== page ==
1. Employee Stock Option Deduction: Employees who benefit from stock options will see adjustments to their taxable benefit deduction. While the inclusion rate increases, they will still have deductions, but with some changes in the allowable amounts.
  1. Utilization of Capital Losses: Past capital losses can still be used to offset current year capital gains. The value of these losses will be adjusted to match the new inclusion rate, ensuring they can still fully offset equivalent gains.
  1. Full Availability of Threshold: The $250,000 threshold for individuals will be fully applicable in 2024 without any proration. It will only apply to net capital gains realized during a specific period.

The chart below lists the tax rates for individuals on capital gains earned after June 25, 2024. This chart assumes the top marginal tax rates apply:

First $250,000 Over $250,000
Federal 16.50% 22.00%
Alberta 24.00% 32.00%
British Columbia 26.75% 35.67%
Manitoba 25.20% 33.60%
New Brunswick 26.25% 35.00%
Newfoundland and Labrador 27.40% 36.53%
Northwest Territories 23.53% 31.37%
Nova Scotia 27.00% 36.00%
Nunavut 22.25% 29.67%
Ontario 26.77% 35.69%
Quebec 26.65% 35.53%
Saskatchewan 23.75% 31.67%
Yukon 24.00% 32.00%

Additional changes will be made to tax laws to accommodate the new inclusion rate. Details of these amendments will be provided later.

Canadian Entrepreneur’s Incentive

Budget 2024 proposes to introduce the Canadian Entrepreneurs’ Incentive, which aims to support eligible individuals selling qualifying shares. This incentive would reduce the tax rate on these capital gains in half (to 25%), for up to $2 million in gains per person over their lifetime.

Starting January 1, 2025, the $2 million limit would gradually increase by $200,000 each year until it reaches $2 million by January 1, 2034.

Under the proposed two-thirds capital gains inclusion rate in Budget 2024, this incentive would mean only one-third of the gains from qualifying sales would be taxed. It applies alongside any other capital gains exemption available.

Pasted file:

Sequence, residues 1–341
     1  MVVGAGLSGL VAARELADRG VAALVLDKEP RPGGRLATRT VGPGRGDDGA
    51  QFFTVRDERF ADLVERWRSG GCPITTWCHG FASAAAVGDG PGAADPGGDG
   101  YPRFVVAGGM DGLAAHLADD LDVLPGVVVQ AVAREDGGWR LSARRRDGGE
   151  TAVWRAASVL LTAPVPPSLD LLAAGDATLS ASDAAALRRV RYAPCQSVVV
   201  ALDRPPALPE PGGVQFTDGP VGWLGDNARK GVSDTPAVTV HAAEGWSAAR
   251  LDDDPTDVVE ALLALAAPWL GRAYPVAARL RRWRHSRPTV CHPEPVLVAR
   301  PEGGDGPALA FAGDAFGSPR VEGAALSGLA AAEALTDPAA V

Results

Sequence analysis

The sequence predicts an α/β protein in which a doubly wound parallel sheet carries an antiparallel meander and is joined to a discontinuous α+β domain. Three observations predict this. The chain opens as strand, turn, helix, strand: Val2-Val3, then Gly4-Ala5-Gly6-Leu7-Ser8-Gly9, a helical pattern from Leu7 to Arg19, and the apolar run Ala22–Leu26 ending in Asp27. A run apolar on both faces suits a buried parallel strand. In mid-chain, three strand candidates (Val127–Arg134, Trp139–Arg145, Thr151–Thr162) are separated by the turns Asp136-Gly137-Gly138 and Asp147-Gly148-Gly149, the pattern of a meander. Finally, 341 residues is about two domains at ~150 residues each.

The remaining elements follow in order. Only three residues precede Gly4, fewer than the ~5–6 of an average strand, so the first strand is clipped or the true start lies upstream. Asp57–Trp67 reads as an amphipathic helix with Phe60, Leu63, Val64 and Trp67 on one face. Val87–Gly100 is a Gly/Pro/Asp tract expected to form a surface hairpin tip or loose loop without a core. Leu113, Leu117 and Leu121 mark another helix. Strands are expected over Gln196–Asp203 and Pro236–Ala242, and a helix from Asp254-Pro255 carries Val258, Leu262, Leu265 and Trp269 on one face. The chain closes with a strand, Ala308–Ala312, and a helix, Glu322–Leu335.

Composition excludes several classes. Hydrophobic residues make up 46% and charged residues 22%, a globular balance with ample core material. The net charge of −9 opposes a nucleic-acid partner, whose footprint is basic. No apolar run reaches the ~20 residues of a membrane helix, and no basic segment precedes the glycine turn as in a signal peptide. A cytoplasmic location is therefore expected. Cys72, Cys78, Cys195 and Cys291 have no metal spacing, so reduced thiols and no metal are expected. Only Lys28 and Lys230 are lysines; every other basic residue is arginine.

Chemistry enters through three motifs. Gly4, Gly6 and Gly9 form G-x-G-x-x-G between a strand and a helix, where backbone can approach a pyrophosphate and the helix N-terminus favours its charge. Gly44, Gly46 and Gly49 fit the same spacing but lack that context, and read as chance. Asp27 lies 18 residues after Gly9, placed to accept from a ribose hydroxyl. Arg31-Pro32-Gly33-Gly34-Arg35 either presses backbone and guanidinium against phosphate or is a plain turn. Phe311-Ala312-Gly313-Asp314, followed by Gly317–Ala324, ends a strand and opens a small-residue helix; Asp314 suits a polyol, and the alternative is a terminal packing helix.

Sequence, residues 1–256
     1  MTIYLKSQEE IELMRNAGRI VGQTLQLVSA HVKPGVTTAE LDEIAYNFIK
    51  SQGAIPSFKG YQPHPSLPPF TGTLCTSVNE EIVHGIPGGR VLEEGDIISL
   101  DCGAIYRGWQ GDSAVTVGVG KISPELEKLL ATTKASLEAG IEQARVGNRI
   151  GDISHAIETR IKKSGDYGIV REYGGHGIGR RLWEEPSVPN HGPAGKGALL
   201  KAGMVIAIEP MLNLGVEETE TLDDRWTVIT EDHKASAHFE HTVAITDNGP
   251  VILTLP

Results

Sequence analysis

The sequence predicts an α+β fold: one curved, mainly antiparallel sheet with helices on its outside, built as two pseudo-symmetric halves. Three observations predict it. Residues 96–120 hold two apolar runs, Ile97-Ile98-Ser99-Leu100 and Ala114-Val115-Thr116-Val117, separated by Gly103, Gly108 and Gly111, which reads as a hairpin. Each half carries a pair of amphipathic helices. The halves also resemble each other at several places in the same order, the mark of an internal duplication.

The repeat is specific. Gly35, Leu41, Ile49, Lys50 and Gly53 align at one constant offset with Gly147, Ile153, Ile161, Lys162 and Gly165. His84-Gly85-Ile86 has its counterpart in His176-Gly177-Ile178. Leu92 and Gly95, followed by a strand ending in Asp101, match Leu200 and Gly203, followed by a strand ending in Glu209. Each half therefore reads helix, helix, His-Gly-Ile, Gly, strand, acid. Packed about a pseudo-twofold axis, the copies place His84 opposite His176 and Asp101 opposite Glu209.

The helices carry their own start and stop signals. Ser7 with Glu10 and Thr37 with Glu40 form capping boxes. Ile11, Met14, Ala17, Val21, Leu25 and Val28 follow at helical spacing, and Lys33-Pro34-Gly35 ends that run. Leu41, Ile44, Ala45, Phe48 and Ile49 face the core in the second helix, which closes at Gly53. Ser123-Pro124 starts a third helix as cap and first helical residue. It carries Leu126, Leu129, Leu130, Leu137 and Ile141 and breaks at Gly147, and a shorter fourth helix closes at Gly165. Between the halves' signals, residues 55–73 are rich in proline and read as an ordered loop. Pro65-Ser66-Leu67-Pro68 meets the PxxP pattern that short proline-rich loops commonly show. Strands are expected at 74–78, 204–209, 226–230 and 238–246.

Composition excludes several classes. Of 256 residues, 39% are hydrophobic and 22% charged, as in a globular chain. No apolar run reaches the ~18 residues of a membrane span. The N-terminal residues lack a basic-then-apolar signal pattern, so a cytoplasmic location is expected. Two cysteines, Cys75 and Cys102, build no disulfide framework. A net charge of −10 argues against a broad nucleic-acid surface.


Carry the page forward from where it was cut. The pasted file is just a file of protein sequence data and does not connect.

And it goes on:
However, the criteria to be eligible for this treatment is more difficult to meet than the lifetime capital gain exemption (i.e. the shareholder must have been a founding shareholder with a “significant interest”).

Employee Ownership Trust Capital Gains Exemption

As first announced in the Fall Economic Statement 2023, shares sold by an individual to an employee ownership trust in a qualifying business transfer between January 1, 2024, and December 31, 2026, could qualify for a $10 million capital gains exemption.

There are conditions to meet beyond just the transfer being in a qualifying business and the lifetime capital gains exemption. For instance, the individual (or their spouse or common-law partner) must have actively worked in the business for at least 24 months. If there are multiple sellers eligible for the exemption, they have to share the $10 million limit.

If certain “disqualifying events” happen within 36 months after the transfer, the exemption could be reversed retroactively.

Capital gains exempted through this measure would be subject to an inclusion rate of 30 per cent for the purposes of the alternative minimum tax, similar to the treatment for gains eligible for the lifetime capital gains exemption.

Other Tax Measures Impacting Business and Farming